Our pal Kit hits us up with some more Kick Ass Stories You Should Really Check Out!
Well it’s the time of the year where love and romantic themes are shoved down your throat wherever you go. It’s a day where you’ll find one half of the internet covered in soppy messages, hearts and flowers, while the other half complains about soppy messages, hearts and flowers. What it also leads to is writers using it as a lazy excuse for a theme for their material. With that in mind, you’ve guessed what this article’s theme is: Romance! Though each of these stories is great, even if romance isn’t your thing.
This will probably be going up on the site after Valentine’s Day itself. Sorry I didn’t get it up in time but I was busy eating bacon and playing video games inside a fort. I’m sure you all understand.
Romance is in nearly all of our literature in one way or another, be it an action hero winning the heart of the beautiful reporter they barely know, the loving old parents in a kid’s book, or the relationship that starts off so happy and joyful but ends in ruin and then there’s is also Twilight (unfortunately a fair bit of romance is kind of crap, so the less said about Twilight, the better). It has, of course, featured in some of the stories I’ve mentioned before – Another End to the Empire and Tom the Universe are both excellent and well worth checking out (also, read my previous articles with them in if you haven’t already.. go on, do it now…).
We’ll be covering a range of genres today, and to start we have Power Armour – A Love Story. Yes, it’s a love story, but if that isn’t your kind of thing then it has power armour, a dystopian future, time travel and assassins. I’m pretty sure at least one of those things should appeal to you! Then After the Cure – A Post-Post-Apocalyptic setting (is that the actual term for it? If not, it is now!), Vampires, dealing with the psychological trauma of having eaten people and, yes, a bit of romance. Finally another physical book – The Song of Achilles – Achilles, Ancient Greek myths, wars, gods and romance. Sounds like a pretty fun Friday night!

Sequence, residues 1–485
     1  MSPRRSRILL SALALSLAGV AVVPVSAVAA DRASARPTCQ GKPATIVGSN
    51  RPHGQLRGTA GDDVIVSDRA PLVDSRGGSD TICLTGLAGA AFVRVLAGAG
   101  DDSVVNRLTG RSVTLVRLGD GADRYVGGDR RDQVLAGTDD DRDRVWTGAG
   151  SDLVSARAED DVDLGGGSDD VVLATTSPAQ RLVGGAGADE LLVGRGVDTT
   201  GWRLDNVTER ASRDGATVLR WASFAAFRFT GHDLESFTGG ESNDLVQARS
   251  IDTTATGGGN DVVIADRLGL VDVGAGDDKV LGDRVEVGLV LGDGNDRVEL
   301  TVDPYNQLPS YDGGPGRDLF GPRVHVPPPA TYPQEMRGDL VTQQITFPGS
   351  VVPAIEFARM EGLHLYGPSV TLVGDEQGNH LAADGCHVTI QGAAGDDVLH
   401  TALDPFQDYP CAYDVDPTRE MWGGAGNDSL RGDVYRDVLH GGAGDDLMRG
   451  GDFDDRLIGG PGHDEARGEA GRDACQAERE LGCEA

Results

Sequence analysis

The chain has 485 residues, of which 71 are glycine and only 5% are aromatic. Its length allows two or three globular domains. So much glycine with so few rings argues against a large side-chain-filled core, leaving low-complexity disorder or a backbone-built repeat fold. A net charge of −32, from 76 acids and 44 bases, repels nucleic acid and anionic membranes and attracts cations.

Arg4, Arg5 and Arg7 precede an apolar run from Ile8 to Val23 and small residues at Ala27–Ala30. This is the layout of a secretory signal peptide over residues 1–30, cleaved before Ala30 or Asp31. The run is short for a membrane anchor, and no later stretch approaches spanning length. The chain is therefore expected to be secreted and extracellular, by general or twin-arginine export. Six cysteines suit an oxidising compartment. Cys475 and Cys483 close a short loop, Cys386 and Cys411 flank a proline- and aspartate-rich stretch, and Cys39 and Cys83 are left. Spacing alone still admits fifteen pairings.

Power Armor: A Love Story
“I don’t mean to scare you, Mira, but where I come from there are . . . secret police. Unlike anything you can imagine. Cyborgs. Shapeshifters. I’d have no chance against one of them. Unless . . .” He showed the hint of a smile. “In the same lab was something else we’d been working on. This armor.”
Set in the modern day the story follows Anthony Blair and his attempt to save earth from the dystopian future he escaped from. This is a very dangerous possible future he must prevent, with incredibly high tech cyborgs and assassins, and he’s certain that at least one has been sent after him.
Believe it or not this is really the most romantic story we’ll check out this week. It does have a lot of cool sci-fi concepts, although these are used far more to drive the plot along, or as metaphors to communicate the story’s themes.
For those of you capable of feelings outside of apathy, whiskey and rage (yes, you can skip this part Adam) hopefully you’ll find this as adorable and lovely a story as I did. This is where some implied spoilers crop up, so skip forward a paragraph if you’d prefer to!
This story really emphasises the idea that you can meet someone in the strangest of situations, and that loving someone will mean you’ll have to let your defences down, meaning that those you care most about can hurt you more than anyone else. It also shows that actually this really is a risk worth taking.
If you, your partner or anyone really wants a good romantic story then they should check this out. If you feel like you’ll be forced to listen to something romantic but prefer sci-fi, this should provide enough mech suits and dystopian ideas for you to enjoy!
Author: David Barr Kirtley
After the Cure
“I was shot with the cure in the dark. Later, someone would tell me it was a Tuesday, but before the tranq dart I didn’t know such a thing existed. It was either day or night, hungry or sated, alive or dead.”
This story has some warnings:
- If you don’t like horror, specifically feral vampires – move along.
- If you don’t like graphic descriptions of gore – move along.
- If you want a romantic sparkly vampire – seriously, move along.
- The first 10 minutes of this recording is promoting a sponsored episode of the Drabblecast they eventually do (which one day I’ll include in one of these). You may want to skip this.
Right, with that out of the way, onto the review. This is a story about both a girl who’s survived a vampiric apocalypse and society, as it tries to rebuild itself. Vampires in this world are wild and feral. They live on instinct, eating and feasting on anyone they find. Anyone who survives a bite becomes one of them. Mankind has been fighting back though and they’re beginning to win, having developed a cure. The cure returns people from this monstrous state back to human, letting them return to a normal life. Well, that’s the theory at least.